An Alberta court recently awarded an oil and gas exploration and production company over $24 million in damages, finding that the operator hired to maintain their pipeline was responsible for several leaks.
The case arose between ISH Energy Ltd. (“ISH”) and Weber Contract Services Inc. (“Weber”).
The plaintiff, ISH, is an Alberta corporation with its head office located in Calgary, Alberta. ISH carries on business as an oil and gas exploration and production company, with operations in Saskatchewan, Alberta and British Columbia. ISH owns and operates the Desan Field, which is located in northeastern British Columbia and was the subject matter of the proceedings.
The defendant, Weber, is a Saskatchewan corporation with its head office located in Kerrobert, Saskatchewan. It is run by Thomas Weber and his wife, Leslie. Weber was at all material times the operator of the Desan Field, pursuant to a series of agreements with ISH commencing in July 2000.
On July 17, 2007, a pipeline leak was discovered in northern British Columbia. Ultimately, five leaks were discovered that caused environmental damage requiring clean-up. The pipeline also required extensive repair. The owner of the pipeline, ISH, had contracted with Weberfor maintenance of the pipeline.
ISH alleged that Weber has breached its contract and been negligent in its maintenance of the pipeline, resulting in the leaks. As a result, ISH sought payment of over $24 million for damages incurred to clean-up and remediate the areas affected by the leaks, and to repair the pipeline and to place the pipeline field in a state where it could re-commence production. This amount included over $10 million for clean-up and remediation and over $13 million for repairs.
ISH alleged that the leaks were caused by a combination of internal pipeline corrosion and a buildup of high pressure within the pipeline system. These contributing causes occurred because of Weber’s negligence in failing to perform contractually-mandated maintenance of the Desan Field. ISH said Weber breached its standard of care and contractual obligations.
Weber disputed that it was negligent or breached its contractual obligations. It argued ISH was responsible for directing the maintenance, and Weber performed what was requested by ISH. Weber argued that the Desan Field had corrosion even when it became the operator in July 2000. Weber also disputed that ISH was entitled to all the damages claimed, as many improvements were done to the Desan Field following the discovery of the leaks. Weber stated that the leaks were not as a result of its conduct and that some of the damages sought did not relate to the leaks, but rather were improvements to the pipeline.
The issues were:
- Whether Weber breached its contractual obligations or was negligent in the performance of its operator duties at the Desan Field in carrying out proper maintenance of the pipelines or in closing a valve that caused a high pressure event; and
- If so, whether Weber’s conduct failed to meet the applicable standard of care and caused the leaks; and
- If so, the appropriate damages in this case.
After reviewing the facts and the evidence presented, the court first concluded on a balance of probabilities that the leaks were caused in part as a result of a high pressure event and occurred simultaneously.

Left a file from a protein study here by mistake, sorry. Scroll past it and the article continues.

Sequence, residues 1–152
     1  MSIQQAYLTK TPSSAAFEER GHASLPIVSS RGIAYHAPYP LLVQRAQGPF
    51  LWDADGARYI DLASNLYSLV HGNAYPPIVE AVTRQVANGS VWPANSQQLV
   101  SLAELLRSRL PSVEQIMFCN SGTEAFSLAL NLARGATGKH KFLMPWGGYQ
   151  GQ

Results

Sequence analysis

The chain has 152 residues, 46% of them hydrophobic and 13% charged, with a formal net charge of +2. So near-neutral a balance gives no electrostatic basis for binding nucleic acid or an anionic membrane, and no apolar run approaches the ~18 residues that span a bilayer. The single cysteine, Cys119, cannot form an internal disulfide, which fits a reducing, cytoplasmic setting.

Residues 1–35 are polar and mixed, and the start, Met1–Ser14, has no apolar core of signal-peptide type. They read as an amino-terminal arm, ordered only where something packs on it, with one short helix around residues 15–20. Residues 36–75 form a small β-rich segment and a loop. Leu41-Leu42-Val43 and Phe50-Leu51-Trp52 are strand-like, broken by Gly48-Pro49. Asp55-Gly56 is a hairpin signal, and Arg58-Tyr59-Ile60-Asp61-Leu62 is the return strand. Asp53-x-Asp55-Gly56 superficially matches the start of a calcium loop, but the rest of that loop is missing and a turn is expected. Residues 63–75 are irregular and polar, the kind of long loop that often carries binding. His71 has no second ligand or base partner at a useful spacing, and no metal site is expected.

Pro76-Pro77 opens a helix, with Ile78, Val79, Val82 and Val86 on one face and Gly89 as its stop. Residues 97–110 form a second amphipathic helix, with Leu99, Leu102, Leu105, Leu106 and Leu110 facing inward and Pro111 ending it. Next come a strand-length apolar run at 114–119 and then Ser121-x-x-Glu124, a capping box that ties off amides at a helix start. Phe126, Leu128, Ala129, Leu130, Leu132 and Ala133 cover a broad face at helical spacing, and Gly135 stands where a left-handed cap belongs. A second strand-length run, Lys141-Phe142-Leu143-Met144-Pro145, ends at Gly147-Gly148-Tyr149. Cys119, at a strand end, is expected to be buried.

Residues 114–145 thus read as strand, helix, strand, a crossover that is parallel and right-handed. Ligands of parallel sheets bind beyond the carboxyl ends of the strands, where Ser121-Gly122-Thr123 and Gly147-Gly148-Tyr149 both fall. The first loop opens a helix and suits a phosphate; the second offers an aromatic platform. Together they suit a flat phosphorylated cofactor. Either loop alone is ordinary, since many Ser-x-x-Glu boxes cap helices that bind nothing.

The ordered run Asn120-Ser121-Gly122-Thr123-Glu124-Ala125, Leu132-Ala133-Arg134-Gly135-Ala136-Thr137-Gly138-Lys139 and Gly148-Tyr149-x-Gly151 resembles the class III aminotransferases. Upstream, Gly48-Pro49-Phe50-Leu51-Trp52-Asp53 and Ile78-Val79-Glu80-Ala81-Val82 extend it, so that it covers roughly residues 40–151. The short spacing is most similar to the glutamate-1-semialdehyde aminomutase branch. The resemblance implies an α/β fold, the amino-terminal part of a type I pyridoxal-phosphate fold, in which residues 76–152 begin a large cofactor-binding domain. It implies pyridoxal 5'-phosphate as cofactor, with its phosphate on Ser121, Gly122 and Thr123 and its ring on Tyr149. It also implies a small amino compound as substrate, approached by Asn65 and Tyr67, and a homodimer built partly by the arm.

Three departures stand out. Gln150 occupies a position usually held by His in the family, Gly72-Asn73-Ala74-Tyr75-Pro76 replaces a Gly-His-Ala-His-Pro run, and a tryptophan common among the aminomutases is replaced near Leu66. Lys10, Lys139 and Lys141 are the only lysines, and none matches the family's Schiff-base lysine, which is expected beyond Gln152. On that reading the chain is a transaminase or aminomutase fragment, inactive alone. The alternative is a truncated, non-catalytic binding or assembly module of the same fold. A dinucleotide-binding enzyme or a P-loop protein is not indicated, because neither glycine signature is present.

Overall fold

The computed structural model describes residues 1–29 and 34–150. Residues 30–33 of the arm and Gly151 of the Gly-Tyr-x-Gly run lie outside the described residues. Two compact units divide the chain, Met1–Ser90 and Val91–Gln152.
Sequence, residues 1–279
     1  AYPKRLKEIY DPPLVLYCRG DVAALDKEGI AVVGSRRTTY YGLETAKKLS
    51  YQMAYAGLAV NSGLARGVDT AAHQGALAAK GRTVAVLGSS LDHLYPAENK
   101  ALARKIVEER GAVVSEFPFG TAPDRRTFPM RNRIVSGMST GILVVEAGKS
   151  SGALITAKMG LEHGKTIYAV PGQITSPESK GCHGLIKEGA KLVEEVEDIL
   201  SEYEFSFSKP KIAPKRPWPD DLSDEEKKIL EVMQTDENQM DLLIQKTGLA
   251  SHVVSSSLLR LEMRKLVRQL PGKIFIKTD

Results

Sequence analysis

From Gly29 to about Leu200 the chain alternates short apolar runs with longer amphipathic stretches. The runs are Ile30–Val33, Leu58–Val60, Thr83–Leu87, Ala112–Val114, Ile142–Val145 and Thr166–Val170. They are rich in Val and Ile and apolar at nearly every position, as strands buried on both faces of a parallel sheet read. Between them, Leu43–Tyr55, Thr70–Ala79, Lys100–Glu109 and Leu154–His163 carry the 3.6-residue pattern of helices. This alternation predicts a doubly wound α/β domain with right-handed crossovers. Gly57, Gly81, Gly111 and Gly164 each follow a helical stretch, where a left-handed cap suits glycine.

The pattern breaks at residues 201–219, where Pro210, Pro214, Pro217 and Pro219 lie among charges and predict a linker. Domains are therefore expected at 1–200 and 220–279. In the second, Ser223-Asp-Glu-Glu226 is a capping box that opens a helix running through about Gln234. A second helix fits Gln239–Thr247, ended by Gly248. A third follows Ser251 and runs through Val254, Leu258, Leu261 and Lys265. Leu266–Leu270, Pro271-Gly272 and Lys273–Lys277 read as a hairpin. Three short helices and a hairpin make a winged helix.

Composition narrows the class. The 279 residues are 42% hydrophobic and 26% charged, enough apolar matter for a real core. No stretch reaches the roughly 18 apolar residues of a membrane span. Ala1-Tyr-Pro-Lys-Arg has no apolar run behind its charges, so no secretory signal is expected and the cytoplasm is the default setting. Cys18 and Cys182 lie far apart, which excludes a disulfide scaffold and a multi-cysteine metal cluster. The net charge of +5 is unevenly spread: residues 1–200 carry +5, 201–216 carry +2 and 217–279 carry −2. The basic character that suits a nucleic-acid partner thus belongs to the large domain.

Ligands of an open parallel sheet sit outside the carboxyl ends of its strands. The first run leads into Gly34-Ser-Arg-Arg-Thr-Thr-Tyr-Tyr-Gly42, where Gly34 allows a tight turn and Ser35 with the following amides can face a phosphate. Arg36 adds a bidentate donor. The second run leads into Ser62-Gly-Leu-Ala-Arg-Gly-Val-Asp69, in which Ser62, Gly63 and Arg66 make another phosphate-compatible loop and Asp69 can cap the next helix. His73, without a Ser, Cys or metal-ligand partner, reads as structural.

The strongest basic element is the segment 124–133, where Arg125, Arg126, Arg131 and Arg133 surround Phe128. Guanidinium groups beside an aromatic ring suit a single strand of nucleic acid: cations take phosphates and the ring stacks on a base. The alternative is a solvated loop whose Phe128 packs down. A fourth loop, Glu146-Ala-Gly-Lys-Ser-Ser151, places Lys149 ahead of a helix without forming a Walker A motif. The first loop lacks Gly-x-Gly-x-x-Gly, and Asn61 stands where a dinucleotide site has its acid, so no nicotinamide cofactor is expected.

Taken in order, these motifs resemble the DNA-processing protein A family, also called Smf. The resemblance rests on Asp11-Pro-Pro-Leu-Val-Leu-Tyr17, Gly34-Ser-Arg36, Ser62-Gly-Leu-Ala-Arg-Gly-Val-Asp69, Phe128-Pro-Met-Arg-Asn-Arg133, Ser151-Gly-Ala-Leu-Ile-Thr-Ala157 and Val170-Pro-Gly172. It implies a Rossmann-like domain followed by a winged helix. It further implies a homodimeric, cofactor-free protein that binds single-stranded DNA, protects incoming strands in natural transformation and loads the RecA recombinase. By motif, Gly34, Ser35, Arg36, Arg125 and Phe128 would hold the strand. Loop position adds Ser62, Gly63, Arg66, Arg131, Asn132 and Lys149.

The court then turned to ISH’s argument that the high pressure event was caused when Weber operators pinched or closed an inlet valve, which allowed excessive pressure to build up in the pipelines and resulted in the leaks. The court found the evidence showed that this was indeed the case, resulting in a high pressure event that caused the leaks.
After reviewing the contract between the parties, the court found Weber to be in breach of contract based on the evidence. The court found that Weber had failed to adhere to a schedule for the application of chemicals as required by the contract.
In addition, the court found that Weber was also in breach of its duty of care by failing to adhere to that schedule. The court then considered whether Weber breached the applicable standard of care by failing to comply with the schedule and whether that failure was a cause of the leaks. The court also had to consider whether Weber breached the applicable standard of care in pinching or closing the inlet valve and whether that was a cause of the leaks.
In the end, the court found that Weber was in breach of contract and negligent in its implementation of ISH’s maintenance plan which resulted in significant corrosion of the pipeline, which was a cause of the leaks.
It also found that Weber was negligent in pinching or closing the inlet valve, which contributed to the high pressure incident and was another cause of the leaks.
As a result, the court concluded that ISH was entitled to judgment against Weber for breach of contract and negligence for $24,372,897, comprised of $10,712,197 for clean-up and remediation of the environmental impact in the leak areas, and $13,660,700 for repairs to the Desan Field in order for it to become operational again.
When disputes arise in the oil and gas industry they can be complex, involving international parties and various pieces of specialized legislation. If you are involved in such a dispute, it’s important for you to have a legal team in place that knows how these interests and laws work together and can help you navigate this intricate terrain.
At DBH Law, our Calgary-based lawyers are uniquely positioned to advise clients on issues that may arise in oil and gas. We have worked with clients in Alberta, across Canada, and around the world and are intimately familiar with the global nature of this ever-changing industry.
Our extensive experience representing clients in the oil and gas industry has given us the tools to help our clients with their unique needs. Please contact us online or by phone at 403.252.9937 to find out how we may be able to help you.